Adjournment refused, not guilty verdict follows
Nottingham crime solicitor Lauren Fisher recently represented a client at a Magistrates’ Court trial. The case was an emotive one because it was alleged that he had assaulted his young son by dragging him from one room to another.
Police attended at the address later in the day following a report by the mother that Lauren’s client was preventing her from leaving the address. This informs police that she saw our client drag the child by his feet earlier in the day. The child confirmed this at the time and there was a visible injury.
Young witness support defence account
The child provided a video statement. Although the child was originally a witness for the prosecution, a review of the video evidence showed that the account given was inconsistent with that of the adult witness.
This final account supported what Lauren’s client said about the incident – the child had been playing with a knife so our client intervened, took the knife and dragged the child away by the hand. As a result there was no unlawful assault.
Lauren took the unusual step of serving this interview on the prosecution so that she could invite the Crown to agree the evidence. As an alternative a hearsay application was served because nobody with care of the child was prepared to allow the child to come to court. Lauren shared the view that the child should not need to be present at court.
Prosecution failure to comply with duty of disclosure
The day before the trial the prosecution had the case listed for a Case Management Hearing. The Crown had failed to comply with its duty of disclosure. Agreement is sought to adjourn the trial in the absence of Magistrates but Lauren did not agree. Her client did not wish further delay in the case so the case was adjourned to the trial date.
On the morning of the trial the prosecution still do not have the information it needed so a further application to adjourn is made. Lauren insisted that the prosecution present a proper chronology of how the Crown had dealt with disclosure.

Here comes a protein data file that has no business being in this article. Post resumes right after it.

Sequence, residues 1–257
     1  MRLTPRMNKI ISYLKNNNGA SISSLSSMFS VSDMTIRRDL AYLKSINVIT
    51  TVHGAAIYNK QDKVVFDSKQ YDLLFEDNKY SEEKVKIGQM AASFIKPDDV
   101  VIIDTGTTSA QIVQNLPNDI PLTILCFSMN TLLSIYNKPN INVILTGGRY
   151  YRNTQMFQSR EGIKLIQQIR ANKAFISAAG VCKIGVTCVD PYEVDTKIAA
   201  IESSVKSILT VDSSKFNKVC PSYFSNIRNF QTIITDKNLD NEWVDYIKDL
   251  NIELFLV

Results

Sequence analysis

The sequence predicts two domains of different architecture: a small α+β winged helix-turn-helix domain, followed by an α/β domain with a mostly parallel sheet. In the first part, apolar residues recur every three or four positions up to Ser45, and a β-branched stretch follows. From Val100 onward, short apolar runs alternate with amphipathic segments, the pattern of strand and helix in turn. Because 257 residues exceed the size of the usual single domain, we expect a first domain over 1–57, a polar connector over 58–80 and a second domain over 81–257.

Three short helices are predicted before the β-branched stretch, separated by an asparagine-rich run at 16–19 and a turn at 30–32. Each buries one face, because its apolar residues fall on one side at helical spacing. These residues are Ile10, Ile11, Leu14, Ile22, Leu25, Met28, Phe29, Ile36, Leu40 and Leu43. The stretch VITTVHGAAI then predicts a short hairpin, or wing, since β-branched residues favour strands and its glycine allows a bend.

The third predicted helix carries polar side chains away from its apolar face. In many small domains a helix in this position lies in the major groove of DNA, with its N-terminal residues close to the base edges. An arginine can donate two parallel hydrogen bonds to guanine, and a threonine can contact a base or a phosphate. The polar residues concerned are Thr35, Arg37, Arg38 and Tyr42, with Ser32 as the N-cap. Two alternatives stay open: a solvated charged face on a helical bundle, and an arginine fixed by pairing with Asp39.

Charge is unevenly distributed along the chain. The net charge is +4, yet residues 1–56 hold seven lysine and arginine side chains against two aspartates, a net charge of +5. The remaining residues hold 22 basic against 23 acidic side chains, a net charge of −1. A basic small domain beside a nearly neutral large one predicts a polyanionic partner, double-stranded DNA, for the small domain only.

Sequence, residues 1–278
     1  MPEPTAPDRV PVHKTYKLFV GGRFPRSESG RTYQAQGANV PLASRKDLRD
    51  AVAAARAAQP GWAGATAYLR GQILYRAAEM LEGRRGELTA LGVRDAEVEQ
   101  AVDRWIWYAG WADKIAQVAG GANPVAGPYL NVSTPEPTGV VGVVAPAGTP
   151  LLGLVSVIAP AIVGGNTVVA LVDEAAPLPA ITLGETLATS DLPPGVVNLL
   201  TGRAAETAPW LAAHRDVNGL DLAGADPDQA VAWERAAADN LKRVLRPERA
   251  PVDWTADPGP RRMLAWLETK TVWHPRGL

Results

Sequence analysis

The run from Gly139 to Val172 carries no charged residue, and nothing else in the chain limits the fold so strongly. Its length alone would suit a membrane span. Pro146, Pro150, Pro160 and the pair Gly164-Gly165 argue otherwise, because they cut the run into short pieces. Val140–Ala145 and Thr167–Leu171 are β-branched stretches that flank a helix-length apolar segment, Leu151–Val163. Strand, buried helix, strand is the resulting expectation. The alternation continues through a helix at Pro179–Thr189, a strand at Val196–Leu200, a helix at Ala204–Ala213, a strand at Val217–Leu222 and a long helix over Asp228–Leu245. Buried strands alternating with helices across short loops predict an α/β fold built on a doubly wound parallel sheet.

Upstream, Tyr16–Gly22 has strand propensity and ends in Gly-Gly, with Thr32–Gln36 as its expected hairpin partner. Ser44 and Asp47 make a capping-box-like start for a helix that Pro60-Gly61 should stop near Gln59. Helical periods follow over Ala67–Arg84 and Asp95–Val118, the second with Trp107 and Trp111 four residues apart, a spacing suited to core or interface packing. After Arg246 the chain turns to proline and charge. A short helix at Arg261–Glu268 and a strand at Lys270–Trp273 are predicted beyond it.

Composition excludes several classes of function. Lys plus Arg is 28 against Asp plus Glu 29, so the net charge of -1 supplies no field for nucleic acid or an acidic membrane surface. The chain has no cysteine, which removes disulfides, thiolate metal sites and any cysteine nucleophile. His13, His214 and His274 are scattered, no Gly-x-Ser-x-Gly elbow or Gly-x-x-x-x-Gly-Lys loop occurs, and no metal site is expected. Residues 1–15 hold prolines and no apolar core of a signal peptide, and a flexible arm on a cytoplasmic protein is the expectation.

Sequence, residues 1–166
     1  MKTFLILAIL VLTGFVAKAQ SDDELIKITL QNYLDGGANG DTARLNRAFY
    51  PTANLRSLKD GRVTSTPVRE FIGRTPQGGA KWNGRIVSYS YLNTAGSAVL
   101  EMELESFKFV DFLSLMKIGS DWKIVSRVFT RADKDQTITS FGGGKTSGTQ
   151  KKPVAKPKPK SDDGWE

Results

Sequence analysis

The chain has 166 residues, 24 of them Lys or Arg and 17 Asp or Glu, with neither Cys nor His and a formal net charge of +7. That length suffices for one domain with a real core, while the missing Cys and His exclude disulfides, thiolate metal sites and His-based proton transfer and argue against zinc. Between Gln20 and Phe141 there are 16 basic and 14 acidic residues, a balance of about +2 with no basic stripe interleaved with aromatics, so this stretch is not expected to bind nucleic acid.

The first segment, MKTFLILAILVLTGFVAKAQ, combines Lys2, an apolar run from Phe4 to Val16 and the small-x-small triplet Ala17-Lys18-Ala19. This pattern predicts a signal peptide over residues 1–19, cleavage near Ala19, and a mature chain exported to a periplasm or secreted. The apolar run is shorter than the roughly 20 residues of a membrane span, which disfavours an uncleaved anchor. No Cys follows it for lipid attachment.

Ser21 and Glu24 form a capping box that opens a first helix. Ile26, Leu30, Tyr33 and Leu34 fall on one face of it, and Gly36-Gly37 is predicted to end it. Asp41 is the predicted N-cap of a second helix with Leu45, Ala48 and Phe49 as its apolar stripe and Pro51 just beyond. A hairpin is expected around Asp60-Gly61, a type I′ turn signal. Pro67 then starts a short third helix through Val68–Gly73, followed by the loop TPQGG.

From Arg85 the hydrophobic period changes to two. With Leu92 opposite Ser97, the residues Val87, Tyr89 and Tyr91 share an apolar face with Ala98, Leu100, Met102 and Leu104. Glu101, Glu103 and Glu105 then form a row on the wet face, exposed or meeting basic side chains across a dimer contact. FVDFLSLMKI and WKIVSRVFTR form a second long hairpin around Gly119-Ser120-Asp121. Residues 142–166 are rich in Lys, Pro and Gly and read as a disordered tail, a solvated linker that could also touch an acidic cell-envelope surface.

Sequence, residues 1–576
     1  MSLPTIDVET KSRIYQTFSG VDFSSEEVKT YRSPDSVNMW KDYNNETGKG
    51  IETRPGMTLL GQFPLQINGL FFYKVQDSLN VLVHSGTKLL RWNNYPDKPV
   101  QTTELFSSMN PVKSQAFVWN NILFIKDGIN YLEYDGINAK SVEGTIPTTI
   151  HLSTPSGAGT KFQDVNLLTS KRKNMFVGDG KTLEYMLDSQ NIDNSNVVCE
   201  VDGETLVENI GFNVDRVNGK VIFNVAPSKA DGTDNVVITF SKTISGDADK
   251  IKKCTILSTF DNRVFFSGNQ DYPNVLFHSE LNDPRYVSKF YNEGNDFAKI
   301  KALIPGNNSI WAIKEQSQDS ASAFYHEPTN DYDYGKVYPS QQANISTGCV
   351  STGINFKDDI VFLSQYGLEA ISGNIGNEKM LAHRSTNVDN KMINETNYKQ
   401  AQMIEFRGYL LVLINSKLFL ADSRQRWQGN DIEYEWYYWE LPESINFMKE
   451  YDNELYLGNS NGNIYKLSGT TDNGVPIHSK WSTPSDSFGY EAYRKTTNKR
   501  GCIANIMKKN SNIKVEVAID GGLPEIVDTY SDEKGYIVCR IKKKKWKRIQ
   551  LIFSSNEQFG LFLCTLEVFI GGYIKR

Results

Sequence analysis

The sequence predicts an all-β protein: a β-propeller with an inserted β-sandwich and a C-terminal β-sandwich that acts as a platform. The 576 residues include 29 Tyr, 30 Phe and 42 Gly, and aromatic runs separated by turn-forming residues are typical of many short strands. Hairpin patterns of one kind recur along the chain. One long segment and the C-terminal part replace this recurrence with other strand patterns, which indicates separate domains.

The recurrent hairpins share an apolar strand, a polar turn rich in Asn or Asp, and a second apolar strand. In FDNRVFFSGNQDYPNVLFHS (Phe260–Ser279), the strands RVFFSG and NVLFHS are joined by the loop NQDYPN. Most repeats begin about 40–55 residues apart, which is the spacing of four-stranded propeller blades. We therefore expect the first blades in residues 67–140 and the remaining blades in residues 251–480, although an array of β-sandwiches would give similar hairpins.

When the Crown presented the chronology it was clear that the reviewing lawyer had requested information that undermined the credibility of the remaining witness. The lawyer had made the request time and again but it had been ignored by the police.
Eventually the police confirmed that there was such information but still did not pass it to the prosecution but it was not available for the trial.
Prosecution adjournment opposed
The prosecution adjournment was sought on the basis of the public interest in a charge of this nature being heard properly. Lauren opposed the adjournment on the following grounds:
- there was the likelihood from the outset that the witness was not telling the truth
- the child involved confirmed there had been no offence committed
- the proceedings were causing problems for her client before the family court
- summary justice should mean speedy justice so the prosecution and police should not be allowed to ignore the rules
A not guilty verdict was recorded
The District Judge considered the representations and refused the adjournment request. As a result the prosecution were not in a position to proceed and offered no evidence. A not guilty verdict was entered.
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If you wish to instruct Nottingham criminal defence solicitor Lauren Fisher then you can telephone her on 0115 9599550 or contact her using the form below.